Leiomyosarcomas (LMSs) of the colon are extremely rare and highly aggressive. Although treatment of gastrointestinal LMS is not standardized, surgical resection is generally performed. The fact that the tumors are usually large at the time of diagnosis may explain why no report on laparoscopic resection of a colonic LMS has appeared.
A 46-year-old male presented with hematochezia 1 month in duration. Abdominal examination including palpation was normal. The levels of several blood tumor markers were normal. Colonoscopy revealed a polypoid lesion approximately 30 mm in diameter in the sigmoid colon 30 cm from the anal verge. Contrast-enhanced computed tomography revealed that the tumor was 28 mm in diameter, and that no lymph node or distant metastasis was apparent. Histopathological examination of a biopsy specimen revealed spindle-shaped cells exhibiting significant nuclear atypia and a trabecular proliferation pattern upon hematoxylin-eosin staining. Immunohistochemically, the sample was positive for SMA and desmin, and negative for c-kit, DOG-1, CD34, and S-100. Furthermore, the Ki-67 index was > 50%. We thus diagnosed a leiomyosarcoma of the sigmoid colon without any metastasis. We performed laparoscopic sigmoid colectomy and regional lymphadenectomy using five trocars. After complete curative resection, a colorectal end-to-end anastomosis was created employing the double-stapling technique. All surgical margins were negative, and no lymph node metastasis was observed. The postoperative course was uneventful, and the patient was discharged 9 days after operation. No recurrence was noted to 1 year after surgery.
We report the first case of a colonic LMS treated via laparoscopic surgery. Although further work is necessary to assess prognosis and to develop the treatment further, laparoscopic surgery to treat small colonic LMSs may be feasible, being both minimally invasive and curative.
Leiomyosarcoma (LMS) of the colon is an extremely rare and highly aggressive neoplasm [1, 2]. After it was found that c-kit gain-of-function played an important oncological role in gastrointestinal stromal tumors (GISTs), many tumors previously diagnosed as LMSs turned out to be GISTs . Today, true LMS is immunohistochemically distinguished from other mesenchymal tumors by virtue of the expression of smooth muscle actin (SMA) and desmin, but not GIST markers (KIT, CD34, and DOG1) or the schwannoma marker (S100) . As an LMS of the colon is less symptomatic than an LMS of the rectum, colonic tumors are often large , and no instance of laparoscopic resection has yet been reported. Here, we present the first case of LMS of the sigmoid colon that was safely and curatively resected via laparoscopic surgery.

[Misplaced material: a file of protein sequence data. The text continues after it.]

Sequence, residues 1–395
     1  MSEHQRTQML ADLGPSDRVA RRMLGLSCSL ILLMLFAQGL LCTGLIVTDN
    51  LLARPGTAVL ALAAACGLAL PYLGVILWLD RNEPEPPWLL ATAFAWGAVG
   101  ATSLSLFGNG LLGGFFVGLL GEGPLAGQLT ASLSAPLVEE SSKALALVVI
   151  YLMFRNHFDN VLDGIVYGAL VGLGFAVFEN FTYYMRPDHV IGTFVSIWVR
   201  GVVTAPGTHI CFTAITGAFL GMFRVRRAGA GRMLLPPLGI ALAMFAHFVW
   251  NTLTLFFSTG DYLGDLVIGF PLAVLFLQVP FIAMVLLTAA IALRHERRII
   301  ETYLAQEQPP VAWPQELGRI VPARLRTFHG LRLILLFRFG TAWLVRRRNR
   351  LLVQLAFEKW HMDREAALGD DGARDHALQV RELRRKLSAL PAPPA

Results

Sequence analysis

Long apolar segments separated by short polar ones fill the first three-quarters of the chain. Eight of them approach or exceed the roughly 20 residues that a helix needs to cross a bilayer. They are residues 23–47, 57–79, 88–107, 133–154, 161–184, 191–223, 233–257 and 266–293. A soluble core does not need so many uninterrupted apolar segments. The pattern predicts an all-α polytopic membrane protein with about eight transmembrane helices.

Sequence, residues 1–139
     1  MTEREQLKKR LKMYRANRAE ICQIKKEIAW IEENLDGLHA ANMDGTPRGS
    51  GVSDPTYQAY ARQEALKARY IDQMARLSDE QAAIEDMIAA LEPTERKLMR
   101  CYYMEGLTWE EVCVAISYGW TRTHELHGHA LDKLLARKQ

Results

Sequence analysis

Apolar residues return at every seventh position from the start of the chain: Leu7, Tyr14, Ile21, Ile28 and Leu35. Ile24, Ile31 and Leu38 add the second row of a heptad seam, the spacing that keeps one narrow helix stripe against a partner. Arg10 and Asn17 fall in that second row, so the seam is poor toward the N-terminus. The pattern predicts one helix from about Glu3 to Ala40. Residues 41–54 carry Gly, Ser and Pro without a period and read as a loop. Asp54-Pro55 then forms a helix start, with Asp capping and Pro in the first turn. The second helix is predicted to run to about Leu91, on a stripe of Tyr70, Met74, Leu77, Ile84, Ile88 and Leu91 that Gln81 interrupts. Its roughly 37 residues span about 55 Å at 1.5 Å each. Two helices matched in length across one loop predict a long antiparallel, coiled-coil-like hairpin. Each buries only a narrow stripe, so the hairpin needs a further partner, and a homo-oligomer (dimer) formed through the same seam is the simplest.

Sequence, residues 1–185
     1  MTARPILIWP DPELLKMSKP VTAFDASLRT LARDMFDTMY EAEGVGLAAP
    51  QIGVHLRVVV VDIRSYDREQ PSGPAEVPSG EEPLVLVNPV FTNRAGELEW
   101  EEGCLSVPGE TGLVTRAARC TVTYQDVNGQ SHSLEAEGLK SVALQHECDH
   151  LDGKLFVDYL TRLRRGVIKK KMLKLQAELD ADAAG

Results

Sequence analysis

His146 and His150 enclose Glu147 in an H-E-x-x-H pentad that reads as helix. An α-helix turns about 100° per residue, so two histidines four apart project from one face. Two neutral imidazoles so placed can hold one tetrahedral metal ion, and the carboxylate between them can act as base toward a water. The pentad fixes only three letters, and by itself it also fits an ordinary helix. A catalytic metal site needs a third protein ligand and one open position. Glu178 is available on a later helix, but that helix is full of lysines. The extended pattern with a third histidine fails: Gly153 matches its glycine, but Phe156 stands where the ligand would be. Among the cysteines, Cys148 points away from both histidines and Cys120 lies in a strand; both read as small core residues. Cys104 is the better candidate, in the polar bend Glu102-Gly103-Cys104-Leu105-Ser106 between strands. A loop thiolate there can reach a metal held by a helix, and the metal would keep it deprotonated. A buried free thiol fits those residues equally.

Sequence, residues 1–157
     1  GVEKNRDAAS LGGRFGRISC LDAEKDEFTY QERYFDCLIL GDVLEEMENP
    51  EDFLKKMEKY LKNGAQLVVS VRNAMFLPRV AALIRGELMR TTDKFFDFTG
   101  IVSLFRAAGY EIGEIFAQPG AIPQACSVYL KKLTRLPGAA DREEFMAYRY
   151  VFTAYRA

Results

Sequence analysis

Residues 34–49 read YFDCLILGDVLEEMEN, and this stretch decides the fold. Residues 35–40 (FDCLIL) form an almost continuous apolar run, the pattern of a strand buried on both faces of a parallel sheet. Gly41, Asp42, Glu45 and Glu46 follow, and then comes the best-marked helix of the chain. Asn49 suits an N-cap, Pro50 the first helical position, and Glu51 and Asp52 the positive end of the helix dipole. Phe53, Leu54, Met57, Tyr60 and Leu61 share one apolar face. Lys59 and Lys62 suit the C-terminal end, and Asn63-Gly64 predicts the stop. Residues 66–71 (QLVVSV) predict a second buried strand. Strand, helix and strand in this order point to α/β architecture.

A 46-year-old male presented to our institution complaining of hematochezia 1 month in duration. His past medical history included coronary vasospastic angina and diabetes mellitus that was treated with insulin. He drank socially and had a 50-pack-year smoking history, but had quit smoking 4 months prior. Abdominal examination including palpation was normal. The levels of carcinoembryonic antigen (4.2 ng/mL) and carbohydrate antigen 19–9 (13.2 U/mL) (commonly measured blood tumor markers) were normal. Colonoscopy revealed a polypoid lesion approximately 30 mm in diameter in the sigmoid colon 30 cm from the anal verge (Fig. 1a). Histopathological examination of a biopsy specimen revealed spindle-shaped cells exhibiting significant nuclear atypia and a trabecular proliferation pattern on hematoxylin-eosin staining. Immunohistochemically, the tissue was positive for SMA and desmin and negative for c-kit, DOG-1, CD34, and S-100. Furthermore, the Ki-67 index was > 50% (Fig. 2). Contrast-enhanced computed tomography from the chest to the pelvis revealed a tumor 28 mm in diameter in the sigmoid colon and the absence of involved lymph nodes and any distant metastasis (Fig. 1b).
We diagnosed an LMS of the sigmoid colon without metastasis. We performed laparoscopic sigmoid colectomy and regional lymphadenectomy, following the concept of complete mesocolic excision and high-level central vascular ligation with curative intent for colon cancer patients. Laparoscopic surgery was performed with the aid of five trocars. The first trocar (12 mm in length) was placed in the umbilicus using an open method. Another 12-mm trocar was placed in the right lower abdomen, and three 5-mm trocars were placed in the left lower and either side of the abdomen (Fig. 3a). We identified the tattoo injected near the tumor before surgery (Fig. 3b). We dissected and mobilized the sigmoid colon by the medial-to-lateral approach in Toldt’s space and performed high-level central vascular (inferior mesenteric artery) ligation (Fig. 3c). The sigmoid colon was transected to remove a 10-cm tract margin from the tumor. After complete curative resection, a colorectal end-to-end anastomosis was created using the double-stapling technique (Fig. 3d). The tumor dimensions were 42 × 37 × 28 mm, and the surface was elastic and hard (Fig. 4a). The cross-section was white with a 5 mm peduncle (Fig. 4b). The epithelium was widely exfoliated, and the tumor per se featured trabecular proliferation of spindle cells with prominent anisonucleosis and nuclear atypia. The tumor involved the base of the muscularis propria, but was not continuous with the base. Therefore, the tumor was considered to have originated in the muscularis mucosa. All surgical margins, and lymph node vascular invasion status, were negative. Forty-four lymph nodes were harvested; no lymph node metastasis was detected. The tumor was of histological grade 2 by reference to the French Federation Nationale des Centers de Lutte Contre le Cancer (FNCLCC) system ; of stage IIA of the TNM classification of the 7th Edition of the American Joint Committee on Cancer (AJCC) system , the 7th Edition of the Union for International Cancer Control (UICC) system, and a previously published surgical staging system .